Three short stories come to the screen, each focused on a man and a woman. The first is set in the 1940s, the other two in the 1920s. In "The Man in a Brooks Brothers Suit," a businessman ... See full summary »
Darcy, editor at her high school paper, and her long-term boyfriend Stan are in their last months of school and already have found places in good colleges. Recently they started to sleep ... See full summary »
John G. Avildsen
Lisa and Charlie Hunter, a divorced couple and former song writing team, spend a weekend in the French countryside in order to write one last song together. But Charlie's fiance isn't too ... See full summary »
Three short stories come to the screen, each focused on a man and a woman. The first is set in the 1940s, the other two in the 1920s. In "The Man in a Brooks Brothers Suit," a businessman of about 40 plies a younger Leftist women with liquor aboard a train. They spend the night together, and he decides he's in love with her. She plays along. In "Dusk Before Fireworks," Kit, a youthful flapper, arrives at Hoby's classy flat intent on an evening of passion. A constantly ringing telephone interrupts each embrace. In "Hills Like White Elephants," a couple traveling in Spain discuss her pregnancy: he wants things to stay as they are, she sees that notion as a fiction. Written by
3 short stories are both adored and mauled on film...
For a start, this work is wildly mistitled. "Women and Men, Tales of Seduction" lures unwitting viewers to three literary short stories reenvisioned as short films. If you like short stories, this isn't a problem
but anyone who has done English 101 would recognize that these stories are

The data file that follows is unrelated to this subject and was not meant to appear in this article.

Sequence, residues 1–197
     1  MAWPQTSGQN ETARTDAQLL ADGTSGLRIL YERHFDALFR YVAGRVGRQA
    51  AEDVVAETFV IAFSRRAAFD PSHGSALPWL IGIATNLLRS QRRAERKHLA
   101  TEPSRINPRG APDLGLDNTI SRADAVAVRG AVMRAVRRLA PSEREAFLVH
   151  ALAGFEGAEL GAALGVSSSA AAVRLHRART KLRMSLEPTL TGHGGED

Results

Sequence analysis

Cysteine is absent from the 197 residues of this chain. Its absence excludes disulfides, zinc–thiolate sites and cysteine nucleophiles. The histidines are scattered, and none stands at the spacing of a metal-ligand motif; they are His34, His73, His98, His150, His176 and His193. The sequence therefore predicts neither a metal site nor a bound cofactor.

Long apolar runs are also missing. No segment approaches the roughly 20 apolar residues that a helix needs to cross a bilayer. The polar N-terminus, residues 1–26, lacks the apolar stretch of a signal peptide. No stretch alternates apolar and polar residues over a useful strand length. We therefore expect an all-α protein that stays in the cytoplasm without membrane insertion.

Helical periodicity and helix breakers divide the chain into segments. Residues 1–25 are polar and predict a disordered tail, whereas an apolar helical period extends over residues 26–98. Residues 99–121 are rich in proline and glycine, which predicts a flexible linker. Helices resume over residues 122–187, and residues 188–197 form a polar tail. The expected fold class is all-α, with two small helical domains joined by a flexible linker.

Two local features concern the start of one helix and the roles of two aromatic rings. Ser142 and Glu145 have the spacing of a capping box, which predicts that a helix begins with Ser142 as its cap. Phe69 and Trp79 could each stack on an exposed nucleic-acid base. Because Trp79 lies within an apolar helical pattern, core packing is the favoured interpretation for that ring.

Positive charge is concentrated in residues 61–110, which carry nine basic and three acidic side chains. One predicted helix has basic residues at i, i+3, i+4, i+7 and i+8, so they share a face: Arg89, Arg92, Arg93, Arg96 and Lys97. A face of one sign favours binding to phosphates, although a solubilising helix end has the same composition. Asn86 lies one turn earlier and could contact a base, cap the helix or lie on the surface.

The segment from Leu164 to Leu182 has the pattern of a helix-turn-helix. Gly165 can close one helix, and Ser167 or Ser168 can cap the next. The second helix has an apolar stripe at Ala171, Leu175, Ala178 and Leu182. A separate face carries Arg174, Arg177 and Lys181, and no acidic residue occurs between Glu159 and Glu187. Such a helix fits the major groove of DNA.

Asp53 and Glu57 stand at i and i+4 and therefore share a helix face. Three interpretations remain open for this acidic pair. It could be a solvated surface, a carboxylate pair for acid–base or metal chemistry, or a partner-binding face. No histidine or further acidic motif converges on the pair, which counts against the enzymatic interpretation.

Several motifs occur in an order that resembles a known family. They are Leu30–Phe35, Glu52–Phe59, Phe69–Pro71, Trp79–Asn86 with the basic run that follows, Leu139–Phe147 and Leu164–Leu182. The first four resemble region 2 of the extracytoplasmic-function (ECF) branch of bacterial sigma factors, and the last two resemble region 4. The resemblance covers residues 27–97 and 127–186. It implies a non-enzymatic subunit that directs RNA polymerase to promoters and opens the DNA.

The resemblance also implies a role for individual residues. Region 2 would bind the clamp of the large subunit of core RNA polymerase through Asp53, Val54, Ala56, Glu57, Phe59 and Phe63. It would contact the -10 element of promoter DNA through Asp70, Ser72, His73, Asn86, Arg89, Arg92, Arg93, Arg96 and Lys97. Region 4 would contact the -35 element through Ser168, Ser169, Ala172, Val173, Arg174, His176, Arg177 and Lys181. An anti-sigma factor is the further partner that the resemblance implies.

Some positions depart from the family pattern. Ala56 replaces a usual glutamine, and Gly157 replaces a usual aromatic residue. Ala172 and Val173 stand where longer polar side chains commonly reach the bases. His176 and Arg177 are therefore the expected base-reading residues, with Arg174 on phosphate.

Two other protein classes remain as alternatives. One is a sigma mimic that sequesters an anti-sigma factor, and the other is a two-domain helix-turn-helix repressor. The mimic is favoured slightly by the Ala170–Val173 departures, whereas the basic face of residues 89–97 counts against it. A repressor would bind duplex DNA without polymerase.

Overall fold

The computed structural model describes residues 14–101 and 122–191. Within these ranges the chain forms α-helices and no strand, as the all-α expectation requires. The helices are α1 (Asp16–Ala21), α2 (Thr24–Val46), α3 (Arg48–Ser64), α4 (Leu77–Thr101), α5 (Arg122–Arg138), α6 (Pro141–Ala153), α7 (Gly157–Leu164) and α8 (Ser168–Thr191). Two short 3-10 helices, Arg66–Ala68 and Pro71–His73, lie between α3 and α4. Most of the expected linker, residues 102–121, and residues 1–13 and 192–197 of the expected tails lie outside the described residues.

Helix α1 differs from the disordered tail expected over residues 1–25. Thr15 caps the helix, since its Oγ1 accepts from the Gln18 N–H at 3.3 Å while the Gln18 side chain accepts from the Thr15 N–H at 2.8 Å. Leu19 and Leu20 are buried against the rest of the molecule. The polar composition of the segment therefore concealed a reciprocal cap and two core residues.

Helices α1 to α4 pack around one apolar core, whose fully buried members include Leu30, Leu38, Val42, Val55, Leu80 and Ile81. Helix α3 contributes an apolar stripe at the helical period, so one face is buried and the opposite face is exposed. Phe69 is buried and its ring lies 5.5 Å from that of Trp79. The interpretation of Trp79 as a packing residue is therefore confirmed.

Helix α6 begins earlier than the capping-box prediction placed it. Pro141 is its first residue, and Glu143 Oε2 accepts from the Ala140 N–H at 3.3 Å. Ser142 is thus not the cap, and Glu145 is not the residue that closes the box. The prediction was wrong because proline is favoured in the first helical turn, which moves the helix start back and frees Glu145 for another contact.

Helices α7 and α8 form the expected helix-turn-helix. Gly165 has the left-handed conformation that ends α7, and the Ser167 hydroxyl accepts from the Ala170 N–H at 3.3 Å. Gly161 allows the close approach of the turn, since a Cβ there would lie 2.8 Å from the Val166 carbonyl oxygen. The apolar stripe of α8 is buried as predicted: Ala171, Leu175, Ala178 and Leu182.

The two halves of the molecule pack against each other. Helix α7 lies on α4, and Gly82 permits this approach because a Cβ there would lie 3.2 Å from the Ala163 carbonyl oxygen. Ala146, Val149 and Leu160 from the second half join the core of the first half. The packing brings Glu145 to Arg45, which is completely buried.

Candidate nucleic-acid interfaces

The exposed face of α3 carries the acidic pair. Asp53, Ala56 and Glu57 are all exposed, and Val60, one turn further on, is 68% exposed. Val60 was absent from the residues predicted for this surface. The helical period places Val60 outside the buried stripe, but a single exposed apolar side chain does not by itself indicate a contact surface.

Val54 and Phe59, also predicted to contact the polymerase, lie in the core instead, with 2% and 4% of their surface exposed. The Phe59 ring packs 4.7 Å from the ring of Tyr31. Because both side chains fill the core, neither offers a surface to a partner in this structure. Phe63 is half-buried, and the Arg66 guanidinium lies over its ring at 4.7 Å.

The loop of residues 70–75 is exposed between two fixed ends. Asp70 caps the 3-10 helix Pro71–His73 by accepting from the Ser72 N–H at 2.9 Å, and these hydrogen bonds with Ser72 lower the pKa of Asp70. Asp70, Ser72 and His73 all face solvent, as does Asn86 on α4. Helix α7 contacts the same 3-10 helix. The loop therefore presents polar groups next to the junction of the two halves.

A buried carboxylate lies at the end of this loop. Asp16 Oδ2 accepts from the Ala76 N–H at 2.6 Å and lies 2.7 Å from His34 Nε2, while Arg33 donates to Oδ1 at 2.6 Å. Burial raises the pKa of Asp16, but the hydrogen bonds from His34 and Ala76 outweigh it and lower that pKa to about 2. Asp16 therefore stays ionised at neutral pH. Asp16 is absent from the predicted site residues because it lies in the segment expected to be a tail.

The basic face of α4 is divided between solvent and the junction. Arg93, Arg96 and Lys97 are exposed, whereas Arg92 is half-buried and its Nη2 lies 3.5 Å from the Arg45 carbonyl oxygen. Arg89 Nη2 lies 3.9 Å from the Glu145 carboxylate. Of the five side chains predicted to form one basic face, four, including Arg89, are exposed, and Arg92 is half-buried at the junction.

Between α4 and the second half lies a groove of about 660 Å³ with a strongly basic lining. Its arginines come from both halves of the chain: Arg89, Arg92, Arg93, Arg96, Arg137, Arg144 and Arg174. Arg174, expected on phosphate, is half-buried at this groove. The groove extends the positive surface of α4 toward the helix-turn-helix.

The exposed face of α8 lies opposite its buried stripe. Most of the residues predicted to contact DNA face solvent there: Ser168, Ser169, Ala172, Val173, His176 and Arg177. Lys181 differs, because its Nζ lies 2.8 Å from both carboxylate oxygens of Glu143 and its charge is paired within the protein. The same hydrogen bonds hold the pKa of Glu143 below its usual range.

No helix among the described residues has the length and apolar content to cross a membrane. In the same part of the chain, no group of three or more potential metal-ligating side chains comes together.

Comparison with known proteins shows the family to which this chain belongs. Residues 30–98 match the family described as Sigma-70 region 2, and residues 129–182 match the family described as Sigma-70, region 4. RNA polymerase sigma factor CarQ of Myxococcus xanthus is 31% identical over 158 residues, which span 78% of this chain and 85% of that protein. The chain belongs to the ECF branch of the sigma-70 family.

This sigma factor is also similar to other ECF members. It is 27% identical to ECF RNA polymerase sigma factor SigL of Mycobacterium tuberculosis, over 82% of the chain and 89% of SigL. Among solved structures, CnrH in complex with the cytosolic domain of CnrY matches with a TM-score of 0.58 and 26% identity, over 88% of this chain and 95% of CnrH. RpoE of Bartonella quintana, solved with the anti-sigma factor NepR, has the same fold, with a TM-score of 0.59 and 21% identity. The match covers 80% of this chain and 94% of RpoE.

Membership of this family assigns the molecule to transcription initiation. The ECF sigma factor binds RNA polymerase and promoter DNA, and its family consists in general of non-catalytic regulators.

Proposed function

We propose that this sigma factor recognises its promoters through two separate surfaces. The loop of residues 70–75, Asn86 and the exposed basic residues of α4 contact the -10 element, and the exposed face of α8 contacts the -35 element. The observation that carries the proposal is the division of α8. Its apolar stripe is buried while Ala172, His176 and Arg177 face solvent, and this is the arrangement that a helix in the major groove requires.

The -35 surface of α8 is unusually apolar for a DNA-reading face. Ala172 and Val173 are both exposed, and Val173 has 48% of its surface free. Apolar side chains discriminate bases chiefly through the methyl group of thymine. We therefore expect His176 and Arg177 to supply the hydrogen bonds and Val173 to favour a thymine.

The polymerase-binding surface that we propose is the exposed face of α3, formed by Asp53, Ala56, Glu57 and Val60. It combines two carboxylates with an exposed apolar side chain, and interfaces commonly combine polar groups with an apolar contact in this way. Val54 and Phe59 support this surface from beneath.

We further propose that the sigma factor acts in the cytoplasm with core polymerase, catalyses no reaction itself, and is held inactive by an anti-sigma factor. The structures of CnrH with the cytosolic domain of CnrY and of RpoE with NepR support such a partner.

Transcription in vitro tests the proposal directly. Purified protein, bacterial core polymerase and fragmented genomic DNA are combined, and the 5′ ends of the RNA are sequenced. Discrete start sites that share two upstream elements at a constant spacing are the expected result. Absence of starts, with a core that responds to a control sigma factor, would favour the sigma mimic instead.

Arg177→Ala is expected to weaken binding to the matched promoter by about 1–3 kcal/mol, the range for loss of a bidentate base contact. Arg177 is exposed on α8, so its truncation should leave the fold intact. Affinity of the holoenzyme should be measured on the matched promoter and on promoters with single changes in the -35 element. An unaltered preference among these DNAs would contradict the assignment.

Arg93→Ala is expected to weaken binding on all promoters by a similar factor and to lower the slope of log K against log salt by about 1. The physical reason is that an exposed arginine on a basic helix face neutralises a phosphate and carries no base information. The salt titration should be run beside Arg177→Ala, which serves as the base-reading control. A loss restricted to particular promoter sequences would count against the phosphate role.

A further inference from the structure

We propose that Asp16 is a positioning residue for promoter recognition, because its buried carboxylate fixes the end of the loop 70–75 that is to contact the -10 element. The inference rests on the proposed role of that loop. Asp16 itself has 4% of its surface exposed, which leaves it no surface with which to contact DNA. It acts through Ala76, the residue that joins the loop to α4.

not actually about seduction at all. Still, if three stories of equal weight had been chosen, there would have been more chance for a satisfying whole. Unfortunately Hemingway's oft taught "Hills Like White Elephants" is a major work that comes after two minor ones (although I must admit my love for anything Dorothy Parker). Who chose THESE stories to film? Worse still, the Hemingway story (a classic of the form) is mauled by none other than Joan Didion. What was she thinking? Revered for its spare use of descriptive narrative in favor of minimalist but revealing dialogue, here "White Elephants" has been stretched and puttied with endless dialogue as well as an odd interpretation which seems to miss the point of the story. How did that happen? There are bright points, however; Elizabeth McGovern is wonderful in a truly depressing story which simultaneously questions gender roles and unwittingly chastises women for breaking out of them. Peter Weller reminds us that his sex appeal exists in a purely auto-erotic manner, thus making the second story almost impossible to comprehend. (In the original version, a cad manages to manipulate his young lover into staying "just one more time" through sheer masculinity and charm. Peter Weller? Uh uh.) Although the story is ruined, his own peculiar appeal still makes it worth watching and possibly in a manner that the perverse Ms. Parker, herself, would have enjoyed... Unfortunately Molly Ringwald's shrieking and lack of any appeal whatsoever rends the piece useless. Still, watch it for the scene where Weller lies splayed-legged on a bed...a truly unusual scene, and the closest the whole film ever comes to a literary moment. After watching all three parts I'm still confused as to who gave the film the go ahead. Someone obviously loves these stories, but not enough to take care of them, or to make us love them as well.
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